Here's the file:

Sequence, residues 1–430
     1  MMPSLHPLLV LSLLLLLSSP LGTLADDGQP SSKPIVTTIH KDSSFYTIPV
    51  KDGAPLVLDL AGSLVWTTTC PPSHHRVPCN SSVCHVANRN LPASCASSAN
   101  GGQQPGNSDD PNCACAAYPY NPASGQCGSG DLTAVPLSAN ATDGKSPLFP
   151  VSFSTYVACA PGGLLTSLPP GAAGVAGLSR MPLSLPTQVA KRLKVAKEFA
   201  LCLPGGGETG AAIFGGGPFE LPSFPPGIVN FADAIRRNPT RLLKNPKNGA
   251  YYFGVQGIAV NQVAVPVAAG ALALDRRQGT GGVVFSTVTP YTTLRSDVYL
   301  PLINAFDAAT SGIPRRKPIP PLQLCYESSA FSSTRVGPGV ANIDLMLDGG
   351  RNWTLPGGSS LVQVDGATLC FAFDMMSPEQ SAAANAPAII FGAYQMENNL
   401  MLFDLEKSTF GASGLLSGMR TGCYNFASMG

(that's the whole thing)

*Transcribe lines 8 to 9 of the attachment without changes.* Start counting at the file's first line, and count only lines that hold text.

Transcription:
   301  PLINAFDAAT SGIPRRKPIP PLQLCYESSA FSSTRVGPGV ANIDLMLDGG
   351  RNWTLPGGSS LVQVDGATLC FAFDMMSPEQ SAAANAPAII FGAYQMENNL